Because of Winn-Dixie (paperback)
by Kate DiCamillo
AR Level 3.9, 3 points
Because of Winn-Dixie is another of Kate DiCamillo’s stories where her voice and style is strong. It was very similar to Raymie Nightingale in that the main character, India Opal, is a lonely child who is down a parent while the remaining parent (her dad, a preacher) is suffering his own sense of loss and shuts Opal out. She is new to town and doesn’t have any friends yet, which makes her even more lonely, until she meets a dog who leads her to meet new friends. Because of Winn-Dixie, Opal reconnects with her father and they realize they need to be supportive of one another.
What I like about this book is the language and thoughtfulness of the writing, and the life lessons that DiCamillo works into the storyline. For example, Opal dislikes several boys because of what they said about someone else, not her. She also isn’t sure whether to be afraid of a man because he’d been in jail. A friend of hers tells her, “you can’t always judge people by the things they done. You got to judge them by what they are doing now.” That is a good lesson or reminder not only for children (the intended audience), but for adults, as well.
What I did not like, and I shouldn’t say I didn’t like, because sometimes I do enjoy it, is the whimsical way the story flows. You are on a journey with Opal, and there isn’t a solid plot line until the end when you realize what the story was about. There isn’t a solid “problem” of the story and the conflict is internal. This isn’t always bad, but I’m sometimes not in the mood for it.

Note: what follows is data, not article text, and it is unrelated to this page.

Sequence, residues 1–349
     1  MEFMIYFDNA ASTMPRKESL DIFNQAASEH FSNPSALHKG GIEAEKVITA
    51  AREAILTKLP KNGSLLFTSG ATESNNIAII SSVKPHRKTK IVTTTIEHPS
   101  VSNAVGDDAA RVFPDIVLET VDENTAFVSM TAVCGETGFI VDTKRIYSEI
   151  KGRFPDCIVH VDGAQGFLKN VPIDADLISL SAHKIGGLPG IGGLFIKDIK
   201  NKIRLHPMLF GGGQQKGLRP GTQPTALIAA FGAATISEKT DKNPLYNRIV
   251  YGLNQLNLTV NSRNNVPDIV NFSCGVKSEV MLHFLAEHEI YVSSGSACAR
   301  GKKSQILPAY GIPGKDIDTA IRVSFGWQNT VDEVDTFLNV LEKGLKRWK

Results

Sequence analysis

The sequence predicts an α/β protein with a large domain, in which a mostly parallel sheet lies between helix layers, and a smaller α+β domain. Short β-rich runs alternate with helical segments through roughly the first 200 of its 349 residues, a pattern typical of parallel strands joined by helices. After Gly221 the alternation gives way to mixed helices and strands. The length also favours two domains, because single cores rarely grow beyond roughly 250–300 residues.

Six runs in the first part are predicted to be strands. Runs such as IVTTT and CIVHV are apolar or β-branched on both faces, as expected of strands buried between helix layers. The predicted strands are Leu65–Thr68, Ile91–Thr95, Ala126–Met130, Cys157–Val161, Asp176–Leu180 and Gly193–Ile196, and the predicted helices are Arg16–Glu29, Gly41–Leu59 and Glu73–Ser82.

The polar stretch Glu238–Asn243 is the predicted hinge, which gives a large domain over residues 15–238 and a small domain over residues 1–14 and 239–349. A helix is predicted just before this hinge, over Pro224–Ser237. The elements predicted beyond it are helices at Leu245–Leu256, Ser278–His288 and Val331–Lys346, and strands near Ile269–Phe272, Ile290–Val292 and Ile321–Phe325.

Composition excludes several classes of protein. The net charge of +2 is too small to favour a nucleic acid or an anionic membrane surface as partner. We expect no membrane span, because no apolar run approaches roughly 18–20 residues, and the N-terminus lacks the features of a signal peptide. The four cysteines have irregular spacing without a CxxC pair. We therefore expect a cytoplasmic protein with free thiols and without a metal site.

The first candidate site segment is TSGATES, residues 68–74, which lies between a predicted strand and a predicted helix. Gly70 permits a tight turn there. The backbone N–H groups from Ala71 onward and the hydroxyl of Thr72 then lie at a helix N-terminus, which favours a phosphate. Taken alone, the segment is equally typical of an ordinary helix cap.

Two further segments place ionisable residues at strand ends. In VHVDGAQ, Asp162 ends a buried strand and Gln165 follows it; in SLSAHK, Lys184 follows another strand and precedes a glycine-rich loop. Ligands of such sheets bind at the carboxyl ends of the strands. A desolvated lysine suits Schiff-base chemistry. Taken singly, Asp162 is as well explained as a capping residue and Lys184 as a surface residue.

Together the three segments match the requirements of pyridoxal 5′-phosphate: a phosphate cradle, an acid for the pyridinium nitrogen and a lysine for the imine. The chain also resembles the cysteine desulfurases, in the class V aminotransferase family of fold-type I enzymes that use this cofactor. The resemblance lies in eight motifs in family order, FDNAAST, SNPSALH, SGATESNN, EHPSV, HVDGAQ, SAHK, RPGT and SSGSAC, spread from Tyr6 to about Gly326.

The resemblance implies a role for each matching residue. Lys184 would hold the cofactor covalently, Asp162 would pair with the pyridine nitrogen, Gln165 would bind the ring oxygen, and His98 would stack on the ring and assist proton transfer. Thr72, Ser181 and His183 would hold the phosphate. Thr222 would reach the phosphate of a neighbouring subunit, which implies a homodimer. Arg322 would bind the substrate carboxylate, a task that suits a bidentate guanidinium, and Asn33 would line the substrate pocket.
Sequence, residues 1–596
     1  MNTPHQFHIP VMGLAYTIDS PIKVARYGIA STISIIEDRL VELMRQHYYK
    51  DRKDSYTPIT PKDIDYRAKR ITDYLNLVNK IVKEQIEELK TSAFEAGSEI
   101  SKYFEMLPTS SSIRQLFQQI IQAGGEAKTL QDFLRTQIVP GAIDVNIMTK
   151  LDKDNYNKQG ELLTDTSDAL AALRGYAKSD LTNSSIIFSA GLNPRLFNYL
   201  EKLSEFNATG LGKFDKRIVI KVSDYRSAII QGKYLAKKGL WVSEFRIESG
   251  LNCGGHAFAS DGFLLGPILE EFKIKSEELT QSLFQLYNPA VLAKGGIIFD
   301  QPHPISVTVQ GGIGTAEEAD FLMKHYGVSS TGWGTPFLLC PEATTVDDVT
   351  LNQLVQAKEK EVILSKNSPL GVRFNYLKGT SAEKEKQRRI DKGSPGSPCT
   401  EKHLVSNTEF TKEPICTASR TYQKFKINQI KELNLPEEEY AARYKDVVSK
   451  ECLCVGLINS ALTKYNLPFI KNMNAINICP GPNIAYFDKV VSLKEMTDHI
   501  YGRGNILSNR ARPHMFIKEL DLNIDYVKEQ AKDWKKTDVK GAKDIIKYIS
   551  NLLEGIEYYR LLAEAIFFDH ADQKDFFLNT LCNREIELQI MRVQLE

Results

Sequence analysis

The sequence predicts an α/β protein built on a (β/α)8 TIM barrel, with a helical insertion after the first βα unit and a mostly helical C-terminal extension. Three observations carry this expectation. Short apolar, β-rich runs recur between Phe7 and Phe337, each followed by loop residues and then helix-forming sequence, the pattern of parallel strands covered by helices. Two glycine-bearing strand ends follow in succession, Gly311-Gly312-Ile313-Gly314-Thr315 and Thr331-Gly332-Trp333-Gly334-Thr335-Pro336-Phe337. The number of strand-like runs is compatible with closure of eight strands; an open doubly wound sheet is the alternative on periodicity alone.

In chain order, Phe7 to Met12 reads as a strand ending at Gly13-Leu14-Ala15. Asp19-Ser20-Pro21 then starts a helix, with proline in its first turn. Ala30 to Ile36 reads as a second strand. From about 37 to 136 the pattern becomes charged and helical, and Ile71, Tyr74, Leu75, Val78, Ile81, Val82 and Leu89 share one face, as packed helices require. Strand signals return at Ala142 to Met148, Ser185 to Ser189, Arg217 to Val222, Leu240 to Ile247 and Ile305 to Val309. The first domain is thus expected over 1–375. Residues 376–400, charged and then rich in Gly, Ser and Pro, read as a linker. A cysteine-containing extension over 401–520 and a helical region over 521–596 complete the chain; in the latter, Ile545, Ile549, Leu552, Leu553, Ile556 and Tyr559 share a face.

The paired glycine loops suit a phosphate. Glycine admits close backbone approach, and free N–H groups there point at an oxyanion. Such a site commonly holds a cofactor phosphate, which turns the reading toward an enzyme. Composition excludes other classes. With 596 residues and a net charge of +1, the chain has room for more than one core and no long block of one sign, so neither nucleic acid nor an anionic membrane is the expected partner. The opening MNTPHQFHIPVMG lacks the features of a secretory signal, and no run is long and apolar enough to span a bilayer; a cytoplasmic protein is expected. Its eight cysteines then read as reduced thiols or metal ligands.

Book 13 of 40 (40 Book Challenge)
Mr. and Mrs. Bunny – Detectives Extraordinaire!
by Polly Horvath
AR Level 4.8, 6 points
This is the story of a girl named Madeline and the kidnapping of her hippie parents, Flo and Mildred. Madeline is a responsible, intelligent young girl who wants to be normal, but her hippie parents live in a commune and do not respect modern day society and their focus on education and Prince Charles. Madeline comes home to find her parents had been kidnapped by some wicked foxes, who wanted the address to her Uncle Runyon’s house, hoping he could translate a rabbit recipe for their new factory that will make rabbit by-products. Madeline enlists the help of some rabbit friends, and they go one an adventure to rescue her parents and get her to the school in time to meet Prince Charles at her graduation ceremony.
What I liked about this book was that it had a lot of smart-alecky jokes. As you know, I love smart dialogue. Mr. and Mrs. Bunny are constantly bickering, which is humorous, and they have quick and snarky comebacks for each other, without being inappropriate. Their marriage is actually quite realistic! Though they argue, they have a deep love for each other, and a love for Madeline as their “pet” or adopted daughter. It is a funny, light-hearted, whimsical story, and it is no wonder it is a Parents’ Choice Award-winning book.
What I didn’t like about this book was that it hold my attention. It just couldn’t get through it. Maybe if I’d been reading it to my children, I could have stayed engaged, but for some reason, it lost my attention half way through. I had to just buckle down and finish the second half this afternoon. I can see it as an animated film someday, and that would be lovely.
Book 3 of 40 (year 2)